George Hook, a famous Irish broadcaster, has issued a groveling apology for blaming rape victims for the crimes committed against them.

Hooks presents for two hours every weekday of what he describes as a “no-holds-barred comment and opinion” radio show and began yesterday with what he called a "profound apology" for prior comments which he said had only served to perpetuate “the stigma around rape”.

Last week during a discussion on the details of an ongoing rape trial in Britain he said it raised the issue of what he called the "personal responsibility” of women and he asked his listeners “is there no blame now to the person who puts themselves in danger?”

“Why does a girl who just meets a fella in a bar go back to a hotel room? She's only just barely met him. She has no idea of his health conditions, she has no idea who he is, no idea what dangers he might pose.

"But modern day social activity means that she goes back with him. Then is surprised when somebody else comes into the room and rapes her. Should she be raped? Course she shouldn't. Is she entitled to say no? Absolutely. Is the guy who came in a scumbag? Certainly. Should he go to jail? Of Course. All of those things."

The result was a huge backlash online and his show lost a sponsor; the Dalata Hotel Group issued a terse statement that it had decided to "terminate our commercial relationship" with the Hook’s employers, Newstalk.

Noeline Blackwell of the Dublin Rape Crisis Centre told RTÉ Radio that she was worried that his comments would make rape victims even less likely to report what happened to them to the police.

“Rape doesn’t happen because of what you’re wearing, because of the amount you’ve drunk, rape happens because somebody has sex with you without your consent,” she said.

Victim blaming can cause wide-spread damage. Photo: iStock

Victim blaming can cause wide-spread damage. Photo: iStock

On Sunday Hook issued a statement that said:

"On Friday, September 8 I made comments about rape on the program that were totally inappropriate and unacceptable and I should never have made them."I realize that those comments caused widespread hurt and offense and for this

"I realize that those comments caused widespread hurt and offense and for this, too, I am truly sorry.

"I would particularly like to apologize to all victims of rape, their families, the organizations who work day and night to reduce the stigma around rape and also for those who try and increase reporting of crimes involving  sexual violence against men and women."It was wrong of me to suggest that any blame could be attributed to those victims or that bear any responsibility in the crimes committed against them.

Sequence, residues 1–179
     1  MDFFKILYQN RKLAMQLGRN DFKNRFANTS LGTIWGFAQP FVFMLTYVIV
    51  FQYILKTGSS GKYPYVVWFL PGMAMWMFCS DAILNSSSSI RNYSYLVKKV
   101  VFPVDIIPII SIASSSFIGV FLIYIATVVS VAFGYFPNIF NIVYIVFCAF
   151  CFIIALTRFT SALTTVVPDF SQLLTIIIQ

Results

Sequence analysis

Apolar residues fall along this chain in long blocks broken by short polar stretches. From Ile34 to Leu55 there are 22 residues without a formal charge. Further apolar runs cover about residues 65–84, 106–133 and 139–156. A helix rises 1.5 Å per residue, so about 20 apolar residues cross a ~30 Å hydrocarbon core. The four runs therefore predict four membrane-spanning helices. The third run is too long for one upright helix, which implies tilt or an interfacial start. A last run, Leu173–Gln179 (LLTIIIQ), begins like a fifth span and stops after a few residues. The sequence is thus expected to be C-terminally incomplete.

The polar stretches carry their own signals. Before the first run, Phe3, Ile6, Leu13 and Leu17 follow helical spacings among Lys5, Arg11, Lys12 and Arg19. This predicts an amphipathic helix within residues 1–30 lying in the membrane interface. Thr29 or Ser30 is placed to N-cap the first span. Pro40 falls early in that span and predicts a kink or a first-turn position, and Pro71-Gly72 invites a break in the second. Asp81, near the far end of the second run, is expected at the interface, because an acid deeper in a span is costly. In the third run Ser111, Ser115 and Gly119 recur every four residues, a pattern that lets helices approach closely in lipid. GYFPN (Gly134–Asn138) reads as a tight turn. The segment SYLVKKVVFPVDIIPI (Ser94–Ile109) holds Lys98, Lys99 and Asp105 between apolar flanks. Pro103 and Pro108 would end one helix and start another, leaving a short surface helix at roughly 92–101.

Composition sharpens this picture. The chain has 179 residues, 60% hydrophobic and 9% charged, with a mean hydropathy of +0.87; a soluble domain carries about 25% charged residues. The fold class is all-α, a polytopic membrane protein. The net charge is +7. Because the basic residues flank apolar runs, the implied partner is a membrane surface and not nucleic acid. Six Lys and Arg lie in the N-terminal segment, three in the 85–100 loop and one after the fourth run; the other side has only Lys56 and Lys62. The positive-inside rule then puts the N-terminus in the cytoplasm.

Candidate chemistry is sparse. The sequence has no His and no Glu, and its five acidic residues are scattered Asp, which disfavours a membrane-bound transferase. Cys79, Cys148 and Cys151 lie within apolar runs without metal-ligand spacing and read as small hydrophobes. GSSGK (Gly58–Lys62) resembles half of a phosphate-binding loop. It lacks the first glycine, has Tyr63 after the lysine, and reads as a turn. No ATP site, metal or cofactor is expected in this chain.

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"By doing that I played a part in perpetuating the stigma and I unreservedly apologize for doing so.

"Everybody has the right to enjoy themselves without fear of being attacked.

"And as a society, we have a duty to our daughters and granddaughters to protect that right.

"On Friday I failed in that duty of care, a failure I deeply regret and for which I am truly sorry."

It’s not the first time Hook has caused an outcry after comments about rape. Two years ago in discussion with an attorney about a case in which woman was raped by her boyfriend he said:

“What about this. Hypothetically… you go into a relationship with somebody, be it marriage or be it you’re living with someone. So now you’re sharing a bed with somebody, yes, and obviously sexual congress takes place on a regular basis because you’re living with someone. Is there not an implied consent therefore that you consent to sexual congress?”

Attorney Ivana Bacik hit back that it “an outrageous suggestion” to which he replied, “that’s not my suggestion”.

He later issued a clarifying statement after Niamh Ní Domhnaill, herself a victim of rape, called his comments “ignorant [and] insensitive”.

“In that discussion, we spoke about how pre-1990 a man was legally incapable of raping his wife. It has come to my attention that Ms. Ní Domhnaill was hurt by what I said and felt I was insensitive to her plight and to other cases. That was never my intention. I never said, and would never say, that a man has implied consent from a woman with whom he shares a bed. However, Professor Bacik agreed it was difficult to prosecute rape cases where there was an existing relationship.

“I am appalled at what happened to that young woman in what should have been the safety of her own bed.

“What happened was a betrayal of the worst kind. Betrayed by the man she trusted and loved in the sanctity of her own home. As a husband, father and grandfather, I am shocked and saddened by this case.

H/T: Irish Independent